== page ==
The Editors' Blog
Posted by Dan Barkin on January 14, 2015
Today a group of new senators and representatives were sworn in at the General Assembly in Raleigh.
It is heady stuff, being elected to public office and suddenly getting invited to a lot of parties and having lobbyists in expensive suits wanting to be your new best friend. Folks who knew you in high school now are less likely to think of you as a bozo and more likely to want to know if you can help get junior into UNC or State.
This is a good time to heed words from nearly 101 years ago - March 20, 1914 to be precise - by another elected official. You may not be a fan of President Woodrow Wilson’s politics (kind of an early 20th century Barack Obama). But the speech he gave to the National Press Club contains a passage that is relevant today. (I found this in a book edited by Arthur Link, a historian of the Progressive Era, the leading Wilson scholar and a UNC graduate.) Wilson was talking, a few moments into the speech, about what it’s like to be president of the United States:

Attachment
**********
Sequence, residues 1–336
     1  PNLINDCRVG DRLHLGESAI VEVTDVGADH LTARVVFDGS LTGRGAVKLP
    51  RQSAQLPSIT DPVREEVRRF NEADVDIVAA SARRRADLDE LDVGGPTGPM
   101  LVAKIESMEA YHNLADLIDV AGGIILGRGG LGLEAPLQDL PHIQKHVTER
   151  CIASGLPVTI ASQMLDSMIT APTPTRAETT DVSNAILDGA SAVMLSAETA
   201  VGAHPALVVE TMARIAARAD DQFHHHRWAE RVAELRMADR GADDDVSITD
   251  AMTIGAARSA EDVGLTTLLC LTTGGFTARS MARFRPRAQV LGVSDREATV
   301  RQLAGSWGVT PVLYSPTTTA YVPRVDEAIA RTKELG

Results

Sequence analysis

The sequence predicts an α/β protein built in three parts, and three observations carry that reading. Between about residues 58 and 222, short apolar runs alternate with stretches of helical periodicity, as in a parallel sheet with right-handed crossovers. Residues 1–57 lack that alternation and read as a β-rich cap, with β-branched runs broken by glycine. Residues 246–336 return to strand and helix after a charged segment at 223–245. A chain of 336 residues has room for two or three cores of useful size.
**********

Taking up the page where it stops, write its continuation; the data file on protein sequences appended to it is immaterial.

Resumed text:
Posted by Dan Barkin on January 7, 2015
We are in a transitional energy phase, and the transition is all over our newsprint. One of the challenges of editing a daily paper is connecting dots. Tuesday, we probably could have had a big box on 1A that said: "A directory to all the energy-related stories in today's paper."
Posted by Dan Barkin on December 12, 2014
A year ago, I was paying around a buck more per gallon. I figure that I will pay around $1,000 less on gasoline in 2015 at this rate. I’m feeling pretty good about this. So why is the drop in oil bothering the stock market so much?
Posted by Dan Barkin on November 17, 2014
According to data kept by the Department of Public Instruction, almost 80 school systems in North Carolina have less than 10,000 students apiece. More than 25 school districts have less than 3,000 students each, which is the annual enrollment growth in Wake County.
Posted by Dan Barkin on October 15, 2014
In the aftermath of the gay marriage ruling by Judge Max Cogburn, a stroll down memory lane, including the records of the Committee on the Judiciary, United States Senate, One Hundred Eleventh Congress, for one thing.